Friday, January 25, 2008
Turning toward the morning
The morning fog and the chill off the water created a mood of contemplation. We were headed up river on the Mekong, and I was thinking about how each step of this trip has been a journey deeper and deeper into strange territory. From the familiarity of Sydney, to the outback and then the rain forest and the Great Barrier Reef … then to the rural world of New Zealand … then to the bustle and strangeness of Bangkok … the northern Thai feel of Chiang Mai … the time warp that is Luang Prabang … and now a journey on the Mekong into rural Laos. After today will be a denouement of sorts. This is as deep as it goes.
The three of us have hired a low slung river boat for the morning. There are high water markers on rock formations in the river, and I find it hard to imagine the sweep of this river in the rainy season. The crops are planted in this rich alluvial soil once the river has receded. I see beans and corn that look like early to mid July by MY agricultural calendar. There are bamboo fences up around some of the plots … perhaps the water buffalo are the deer of the Mekong?
There ARE rough dirt roads to these villages … many of them along the river have electricity (sad to report that TV is front and center in the Lao living room.) WE are dropped in a village said to be known for its textiles. I go off in search of a craftsman … a loom … some evidence that these lovely silks are made here. Finally in the back of the village I find a woman with a silk loom. She, however, is working on embroidery on a black background which she says will take her 2 months to complete.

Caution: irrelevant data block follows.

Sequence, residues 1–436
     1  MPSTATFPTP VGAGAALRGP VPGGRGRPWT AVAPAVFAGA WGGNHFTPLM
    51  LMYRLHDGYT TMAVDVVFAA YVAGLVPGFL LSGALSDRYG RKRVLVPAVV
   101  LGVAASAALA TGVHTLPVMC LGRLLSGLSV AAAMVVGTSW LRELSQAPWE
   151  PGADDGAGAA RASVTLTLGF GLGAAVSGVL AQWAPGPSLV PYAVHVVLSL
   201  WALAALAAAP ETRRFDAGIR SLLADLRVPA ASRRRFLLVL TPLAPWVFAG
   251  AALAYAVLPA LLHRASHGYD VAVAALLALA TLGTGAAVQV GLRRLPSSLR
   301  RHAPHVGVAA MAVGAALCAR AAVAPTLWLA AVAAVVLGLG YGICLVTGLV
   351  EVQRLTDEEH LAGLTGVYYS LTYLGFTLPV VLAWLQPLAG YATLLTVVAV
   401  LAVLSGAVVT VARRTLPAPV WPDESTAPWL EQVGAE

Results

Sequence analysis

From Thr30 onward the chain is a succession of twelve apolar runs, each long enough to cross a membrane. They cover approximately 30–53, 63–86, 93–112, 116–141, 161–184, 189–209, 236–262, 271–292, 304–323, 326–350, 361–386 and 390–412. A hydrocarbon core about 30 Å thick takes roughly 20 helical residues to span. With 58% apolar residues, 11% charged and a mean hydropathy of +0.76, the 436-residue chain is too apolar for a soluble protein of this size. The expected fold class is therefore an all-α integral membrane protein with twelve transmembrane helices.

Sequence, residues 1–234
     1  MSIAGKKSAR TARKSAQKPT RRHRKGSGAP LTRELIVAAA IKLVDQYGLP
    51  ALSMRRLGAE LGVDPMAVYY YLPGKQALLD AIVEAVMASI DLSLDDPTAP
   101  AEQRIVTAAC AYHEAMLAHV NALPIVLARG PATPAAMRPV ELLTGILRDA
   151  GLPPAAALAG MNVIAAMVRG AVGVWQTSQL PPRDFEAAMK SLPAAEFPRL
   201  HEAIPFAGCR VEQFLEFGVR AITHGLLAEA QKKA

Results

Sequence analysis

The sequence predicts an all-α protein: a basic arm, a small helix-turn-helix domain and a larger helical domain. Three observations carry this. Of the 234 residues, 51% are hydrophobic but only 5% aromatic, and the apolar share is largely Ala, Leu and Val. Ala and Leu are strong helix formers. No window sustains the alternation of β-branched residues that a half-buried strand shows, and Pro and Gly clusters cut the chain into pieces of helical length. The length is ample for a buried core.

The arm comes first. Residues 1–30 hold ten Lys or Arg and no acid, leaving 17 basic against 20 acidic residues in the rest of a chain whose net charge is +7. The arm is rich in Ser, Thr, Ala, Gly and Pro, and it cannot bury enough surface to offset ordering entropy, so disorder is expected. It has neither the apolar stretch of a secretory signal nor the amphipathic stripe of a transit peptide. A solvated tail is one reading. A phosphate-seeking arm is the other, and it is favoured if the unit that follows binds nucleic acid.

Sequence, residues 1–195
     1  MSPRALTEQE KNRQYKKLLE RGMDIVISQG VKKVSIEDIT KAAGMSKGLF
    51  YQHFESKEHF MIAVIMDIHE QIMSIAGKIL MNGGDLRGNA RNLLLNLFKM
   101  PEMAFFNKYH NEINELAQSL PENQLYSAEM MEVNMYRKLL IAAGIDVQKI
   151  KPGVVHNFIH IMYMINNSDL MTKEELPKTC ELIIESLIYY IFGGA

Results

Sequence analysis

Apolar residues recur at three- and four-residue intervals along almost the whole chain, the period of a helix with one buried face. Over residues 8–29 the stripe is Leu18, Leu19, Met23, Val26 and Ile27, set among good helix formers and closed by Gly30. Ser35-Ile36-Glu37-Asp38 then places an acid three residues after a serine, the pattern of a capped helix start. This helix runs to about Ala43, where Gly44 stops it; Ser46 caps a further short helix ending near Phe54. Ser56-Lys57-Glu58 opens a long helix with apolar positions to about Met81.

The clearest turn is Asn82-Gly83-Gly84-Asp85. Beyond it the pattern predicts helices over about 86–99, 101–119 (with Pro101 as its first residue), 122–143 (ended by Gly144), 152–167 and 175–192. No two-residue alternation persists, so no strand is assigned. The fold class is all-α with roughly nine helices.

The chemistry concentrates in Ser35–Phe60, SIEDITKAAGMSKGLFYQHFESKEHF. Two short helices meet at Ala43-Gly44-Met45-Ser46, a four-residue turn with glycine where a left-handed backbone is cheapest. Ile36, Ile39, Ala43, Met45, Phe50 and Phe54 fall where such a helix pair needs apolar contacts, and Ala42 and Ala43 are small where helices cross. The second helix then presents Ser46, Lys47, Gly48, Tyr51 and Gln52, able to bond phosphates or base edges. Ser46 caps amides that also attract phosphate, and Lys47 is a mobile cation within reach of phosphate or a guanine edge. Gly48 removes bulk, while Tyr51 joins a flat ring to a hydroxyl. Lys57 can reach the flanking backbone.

This issue about where the silk comes from is hard to unravel. There is a shop called Ock Pop Tok in Luang Prabang where the owners focus on Laotian silk and return a fair price to the weavers. We bought several pieces there. But here in this village up the river I see the same sad tale of sales. Little girls who SHOULD be in school are greeting the boats with little key rings made in China. It is hard to walk past them. I found one little girl in the corner of the village Wat and I exchanged the dollar for her little key chain. Since I know that a government bureaucrat in Vientiane makes $40 dollars a month, I wonder what this “day’s pay” will mean to this little girl and her family. I would love to put a homing device on my greenback and see in whose hands it ends up. Next it is off to the cave of the Buddhas called Pak Ou. Steep concrete stairs have been built in to the side of the cliff. At the very top we see thousands of statues of the Buddha. Exactly why they are stored here is not clear … but once it started, thousands more came. There are seven poses that a Buddha figure can take. All of these are represented here in the cave. We descend the stairs and board our boat again. The swift downstream current delivers us back to Luang Prabang in no time. The journey back to the familiar has begun.